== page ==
The six-year-old awakes, cloudy-eyed and confused. Someone is touching her. Her mommy told her that no one should ever touch her in those places, the places her bathing suit covers. As soon as her eyes flutter open, the babysitter flusters away, and she is left feeling shame. But she has no words to say why or even understand what the boy did. All she knows is that fear has entered her heart, her home. And she feels dirty.
That week her mom notices something is off. The normally carefree daughter is either subdued or she bursts in anger at small things. And when her mom mentions she is going out again with Dad, and that the babysitter will be there at four, the girl says, “I don’t want you to leave.”
Tears wet her face. “I don’t want to tell. I’ll get in trouble.”
But the story spills out. And the parents feel the weight of innocence robbed. They nurse intense anger and worry about their daughter’s heart. They cry. A lot. They immediately research local counselors who have expertise in childhood sexual abuse. They make an appointment.
They call the boy’s parents and recount what the boy did to their daughter. The conversation goes something like this:
“Your son touched our daughter while she slept.”
Long pause. “Well, she was asleep, so how can we know that was even abuse? I mean she won’t really remember it, right?”
“Sir, she has remembered it, and she is frightened. My next phone call will be to the police.”
“Why would we want to get the police involved in such a small matter between friends? How about this? We’ll have our son go over to your house right now and he’ll apologize, say he’s sorry. Believe me, we’ll make him do this.”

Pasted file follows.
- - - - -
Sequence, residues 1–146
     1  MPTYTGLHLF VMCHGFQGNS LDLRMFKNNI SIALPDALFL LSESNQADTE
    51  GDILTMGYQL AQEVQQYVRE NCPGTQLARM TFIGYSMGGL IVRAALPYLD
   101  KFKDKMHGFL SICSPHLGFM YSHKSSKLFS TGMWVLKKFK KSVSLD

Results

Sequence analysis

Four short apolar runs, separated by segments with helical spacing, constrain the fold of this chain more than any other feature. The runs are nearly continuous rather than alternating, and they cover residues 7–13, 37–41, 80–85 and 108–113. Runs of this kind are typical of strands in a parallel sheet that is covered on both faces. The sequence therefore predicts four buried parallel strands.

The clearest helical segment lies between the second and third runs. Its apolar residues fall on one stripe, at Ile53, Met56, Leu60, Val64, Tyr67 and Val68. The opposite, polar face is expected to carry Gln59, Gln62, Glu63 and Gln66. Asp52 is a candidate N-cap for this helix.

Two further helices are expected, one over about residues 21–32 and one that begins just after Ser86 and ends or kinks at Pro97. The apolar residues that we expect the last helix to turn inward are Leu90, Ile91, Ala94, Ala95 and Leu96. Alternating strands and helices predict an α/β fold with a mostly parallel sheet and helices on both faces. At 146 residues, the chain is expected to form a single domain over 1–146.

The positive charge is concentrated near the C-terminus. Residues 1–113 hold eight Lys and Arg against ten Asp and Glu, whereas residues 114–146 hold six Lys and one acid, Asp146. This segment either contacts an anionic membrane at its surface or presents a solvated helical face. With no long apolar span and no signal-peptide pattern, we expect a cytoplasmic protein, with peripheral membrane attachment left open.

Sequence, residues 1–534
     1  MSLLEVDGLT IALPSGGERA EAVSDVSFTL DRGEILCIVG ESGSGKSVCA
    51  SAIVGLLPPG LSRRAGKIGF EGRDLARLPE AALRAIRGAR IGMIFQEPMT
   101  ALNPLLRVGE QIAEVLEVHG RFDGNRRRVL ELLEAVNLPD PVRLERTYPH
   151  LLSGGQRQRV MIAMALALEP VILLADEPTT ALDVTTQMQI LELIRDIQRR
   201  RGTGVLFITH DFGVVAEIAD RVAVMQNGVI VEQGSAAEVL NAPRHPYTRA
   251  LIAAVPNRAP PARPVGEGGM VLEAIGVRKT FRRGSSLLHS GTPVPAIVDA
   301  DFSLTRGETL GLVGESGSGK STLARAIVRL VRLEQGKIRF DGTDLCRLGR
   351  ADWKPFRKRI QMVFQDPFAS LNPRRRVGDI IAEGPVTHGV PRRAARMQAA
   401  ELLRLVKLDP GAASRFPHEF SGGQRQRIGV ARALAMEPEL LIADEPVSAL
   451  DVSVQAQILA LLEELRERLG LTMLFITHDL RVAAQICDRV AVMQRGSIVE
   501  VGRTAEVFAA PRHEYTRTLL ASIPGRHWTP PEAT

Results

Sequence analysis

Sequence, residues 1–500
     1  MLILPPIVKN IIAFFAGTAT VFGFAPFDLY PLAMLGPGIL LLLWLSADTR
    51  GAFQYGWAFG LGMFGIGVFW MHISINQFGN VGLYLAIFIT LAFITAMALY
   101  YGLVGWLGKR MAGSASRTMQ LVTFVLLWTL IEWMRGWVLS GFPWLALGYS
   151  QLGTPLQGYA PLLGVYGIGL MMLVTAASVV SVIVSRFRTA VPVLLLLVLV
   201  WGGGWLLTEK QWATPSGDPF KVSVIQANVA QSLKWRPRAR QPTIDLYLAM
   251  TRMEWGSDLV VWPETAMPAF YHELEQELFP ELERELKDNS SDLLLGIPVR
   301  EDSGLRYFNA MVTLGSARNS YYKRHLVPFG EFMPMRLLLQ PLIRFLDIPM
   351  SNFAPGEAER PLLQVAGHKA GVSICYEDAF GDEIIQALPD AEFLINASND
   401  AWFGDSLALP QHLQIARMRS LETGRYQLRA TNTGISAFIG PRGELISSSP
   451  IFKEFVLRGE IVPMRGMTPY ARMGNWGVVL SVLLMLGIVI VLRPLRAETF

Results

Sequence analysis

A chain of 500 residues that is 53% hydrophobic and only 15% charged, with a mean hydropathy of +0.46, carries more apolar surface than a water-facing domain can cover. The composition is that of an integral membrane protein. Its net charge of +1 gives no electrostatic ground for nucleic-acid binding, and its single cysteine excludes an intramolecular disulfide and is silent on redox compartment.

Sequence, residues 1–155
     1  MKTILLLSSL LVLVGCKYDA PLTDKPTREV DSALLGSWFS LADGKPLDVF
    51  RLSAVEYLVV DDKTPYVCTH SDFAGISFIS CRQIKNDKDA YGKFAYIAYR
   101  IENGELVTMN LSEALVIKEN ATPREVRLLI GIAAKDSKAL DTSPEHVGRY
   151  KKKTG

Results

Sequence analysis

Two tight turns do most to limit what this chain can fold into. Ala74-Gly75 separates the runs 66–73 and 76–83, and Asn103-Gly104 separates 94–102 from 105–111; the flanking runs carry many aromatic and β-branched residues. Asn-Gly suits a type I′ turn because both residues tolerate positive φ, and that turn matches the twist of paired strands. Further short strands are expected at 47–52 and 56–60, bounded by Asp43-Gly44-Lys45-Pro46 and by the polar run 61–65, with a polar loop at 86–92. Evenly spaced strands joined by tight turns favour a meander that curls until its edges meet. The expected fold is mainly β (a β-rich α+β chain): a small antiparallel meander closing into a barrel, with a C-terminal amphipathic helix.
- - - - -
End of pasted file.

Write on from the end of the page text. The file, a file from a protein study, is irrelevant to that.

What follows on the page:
“He is not allowed to ever step foot in our home.” The father’s voice both trembles and grows louder. “Do you understand?” He fights to keep control. He is his daughter’s daddy, the one who swore to protect her when she yelped her way into the world.
“Wait, wait. Don’t be unreasonable,” the boy’s father says, measured. “We’ve known each other a long time. Let’s go to the pastor and work this matter out together. I get that my son made a bad choice, but it’s not abnormal for a boy to explore. He’s like all of us were at his age—curious.”
The girl’s father feels the bile erupt in his throat. “Curious teens don’t touch little girls who are asleep and defenseless, and you know it.”
Still no words.
“Listen, we can certainly discuss this with the pastor at some other time, but right now I’m hanging up the phone and calling the authorities.”
He exhales, then dials the police station.
If you’re a victim of sexual abuse and want to start the road to healing, consider picking up: